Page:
CBD plan focuses on city renewal

CONCERN: Wallsend Town Business Association chairman Max McCorkell says “someone’s lost the plot somewhere”. CONCERN: Wallsend Town Business Association chairman Max McCorkell says “someone’s lost the plot somewhere”.

PLANS to revive Newcastle’s ailing CBD include a proposal to limit the expansion of suburban retail, prompting fears from business owners about the impact on vibrant local shopping precincts.

The state government’s Newcastle Urban Renewal Strategy says the city should “limit the expansion of out-of-centre retail that will compete with the city centre”.

Retailers in areas like Beaumont Street at Hamilton, Nelson Street at Wallsend and Maitland Road at Mayfield are worried that the suburbs could suffer from any efforts to divert shoppers to the CBD.

Max McCorkell, a small business owner and the chairman of the Wallsend Town Business Association, said the urban renewal plans were typical of the attitude towards Newcastle’s western suburbs.

“Someone’s lost the plot somewhere,” Mr McCorkell said. “We’ve got to look after where people live, not where people are moving to.”

Wallsend MP Sonia Hornery also questioned the government’s intentions.

“What will it mean to people who live in [areas] like Wallsend, Shortland and Jesmond, particularly those who don’t have access to good public transport?” Ms Hornery said.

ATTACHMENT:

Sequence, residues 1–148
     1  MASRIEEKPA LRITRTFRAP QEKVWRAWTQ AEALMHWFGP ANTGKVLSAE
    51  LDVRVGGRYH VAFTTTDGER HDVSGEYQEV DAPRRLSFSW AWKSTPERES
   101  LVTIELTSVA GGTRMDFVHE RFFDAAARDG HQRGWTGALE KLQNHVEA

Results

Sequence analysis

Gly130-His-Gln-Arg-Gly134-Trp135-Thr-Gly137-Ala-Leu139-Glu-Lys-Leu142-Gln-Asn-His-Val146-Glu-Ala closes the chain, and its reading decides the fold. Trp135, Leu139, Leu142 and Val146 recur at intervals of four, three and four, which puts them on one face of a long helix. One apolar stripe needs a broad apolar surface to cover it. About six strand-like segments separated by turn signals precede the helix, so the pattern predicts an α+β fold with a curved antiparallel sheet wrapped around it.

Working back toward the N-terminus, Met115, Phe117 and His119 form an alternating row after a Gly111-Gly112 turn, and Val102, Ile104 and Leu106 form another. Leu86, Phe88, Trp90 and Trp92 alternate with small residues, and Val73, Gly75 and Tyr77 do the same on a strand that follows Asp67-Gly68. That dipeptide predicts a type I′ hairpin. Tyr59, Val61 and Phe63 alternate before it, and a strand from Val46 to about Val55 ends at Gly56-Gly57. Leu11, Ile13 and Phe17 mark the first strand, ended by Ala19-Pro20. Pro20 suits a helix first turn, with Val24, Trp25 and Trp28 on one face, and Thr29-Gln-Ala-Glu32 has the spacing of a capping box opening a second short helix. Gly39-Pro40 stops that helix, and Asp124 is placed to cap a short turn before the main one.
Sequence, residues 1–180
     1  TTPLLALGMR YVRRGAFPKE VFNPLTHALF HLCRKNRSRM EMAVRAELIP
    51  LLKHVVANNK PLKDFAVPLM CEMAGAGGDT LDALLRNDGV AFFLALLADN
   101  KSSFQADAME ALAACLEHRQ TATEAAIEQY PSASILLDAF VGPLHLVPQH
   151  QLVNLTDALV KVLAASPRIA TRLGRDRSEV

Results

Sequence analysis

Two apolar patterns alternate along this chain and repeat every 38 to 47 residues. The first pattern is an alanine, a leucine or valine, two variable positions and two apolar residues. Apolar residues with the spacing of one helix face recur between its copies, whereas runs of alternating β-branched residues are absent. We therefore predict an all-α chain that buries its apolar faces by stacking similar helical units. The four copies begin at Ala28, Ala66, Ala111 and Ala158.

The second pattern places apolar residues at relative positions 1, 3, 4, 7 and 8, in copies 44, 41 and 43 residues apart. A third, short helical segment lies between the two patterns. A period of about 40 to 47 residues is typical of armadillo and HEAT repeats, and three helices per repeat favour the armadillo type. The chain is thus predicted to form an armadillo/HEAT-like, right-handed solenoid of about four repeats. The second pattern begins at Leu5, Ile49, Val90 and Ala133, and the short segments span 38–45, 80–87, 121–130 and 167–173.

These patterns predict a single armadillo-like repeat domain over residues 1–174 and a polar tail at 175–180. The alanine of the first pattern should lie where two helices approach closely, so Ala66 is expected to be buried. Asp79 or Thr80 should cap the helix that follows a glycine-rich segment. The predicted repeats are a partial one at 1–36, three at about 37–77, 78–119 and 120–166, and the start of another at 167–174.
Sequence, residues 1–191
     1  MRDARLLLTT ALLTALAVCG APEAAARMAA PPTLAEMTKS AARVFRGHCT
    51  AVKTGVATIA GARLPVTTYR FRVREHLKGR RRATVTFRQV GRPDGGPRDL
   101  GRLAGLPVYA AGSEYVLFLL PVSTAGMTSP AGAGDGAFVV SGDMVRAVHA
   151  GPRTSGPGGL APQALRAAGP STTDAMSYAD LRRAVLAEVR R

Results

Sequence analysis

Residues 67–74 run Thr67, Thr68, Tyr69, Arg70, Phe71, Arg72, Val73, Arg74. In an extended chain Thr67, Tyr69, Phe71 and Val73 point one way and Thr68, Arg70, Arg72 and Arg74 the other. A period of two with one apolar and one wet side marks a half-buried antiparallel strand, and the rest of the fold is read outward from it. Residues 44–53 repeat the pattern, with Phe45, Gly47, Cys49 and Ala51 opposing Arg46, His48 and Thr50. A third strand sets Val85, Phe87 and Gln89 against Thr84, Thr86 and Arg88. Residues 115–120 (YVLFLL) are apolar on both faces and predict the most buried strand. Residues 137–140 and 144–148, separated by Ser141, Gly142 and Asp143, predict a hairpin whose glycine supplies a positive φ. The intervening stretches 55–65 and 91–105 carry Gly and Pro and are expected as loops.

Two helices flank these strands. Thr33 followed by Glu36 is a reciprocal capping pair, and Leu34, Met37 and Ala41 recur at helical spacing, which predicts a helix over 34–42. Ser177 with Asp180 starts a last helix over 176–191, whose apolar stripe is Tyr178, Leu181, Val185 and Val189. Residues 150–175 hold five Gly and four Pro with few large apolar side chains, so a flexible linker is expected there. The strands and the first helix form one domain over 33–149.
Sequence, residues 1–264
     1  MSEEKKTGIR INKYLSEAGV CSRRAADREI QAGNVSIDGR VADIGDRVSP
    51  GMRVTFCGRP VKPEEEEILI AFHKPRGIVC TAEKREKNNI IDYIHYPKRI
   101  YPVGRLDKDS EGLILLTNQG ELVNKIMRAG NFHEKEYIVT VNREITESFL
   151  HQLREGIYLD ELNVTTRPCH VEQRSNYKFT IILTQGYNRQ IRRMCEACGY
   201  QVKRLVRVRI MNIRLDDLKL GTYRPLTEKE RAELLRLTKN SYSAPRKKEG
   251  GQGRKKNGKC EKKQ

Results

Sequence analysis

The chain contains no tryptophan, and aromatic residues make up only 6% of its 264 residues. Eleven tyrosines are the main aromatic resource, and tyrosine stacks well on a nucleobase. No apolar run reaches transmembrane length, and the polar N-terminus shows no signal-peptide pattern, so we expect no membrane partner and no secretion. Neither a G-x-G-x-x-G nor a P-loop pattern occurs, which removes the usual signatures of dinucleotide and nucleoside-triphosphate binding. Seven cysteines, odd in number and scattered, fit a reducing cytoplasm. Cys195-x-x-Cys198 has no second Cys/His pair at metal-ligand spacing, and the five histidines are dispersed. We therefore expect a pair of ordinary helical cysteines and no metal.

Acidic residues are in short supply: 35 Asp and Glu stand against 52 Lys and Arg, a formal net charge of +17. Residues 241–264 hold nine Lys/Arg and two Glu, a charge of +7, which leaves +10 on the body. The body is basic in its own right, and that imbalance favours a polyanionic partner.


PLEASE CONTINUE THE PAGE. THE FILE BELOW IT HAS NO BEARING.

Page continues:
“Many people in the western suburbs don’t go to the city.”

George Yannis, the president of the Hamilton Chamber of Commerce, said Hamilton had all the amenities of a city centre.

“What Hunter Street used to be is what we have here now,” he said.

“There’s no reason for people to shop in town, especially if they’re going to get slugged with the parking meters.

We could do a lot of things if we had one quarter of the money they put into the mall.”

Other key economic initiatives detailed in the state strategy include appointing a local business coordinator and developing a business improvement plan for the CBD, which has effectively already been done through Newcastle Now.

The strategy says the east end should be promoted as a boutique retail destination, Hunter Street could become an “eat street” with extended evening hours, and Honeysuckle would be the preferred location for A-grade office space.

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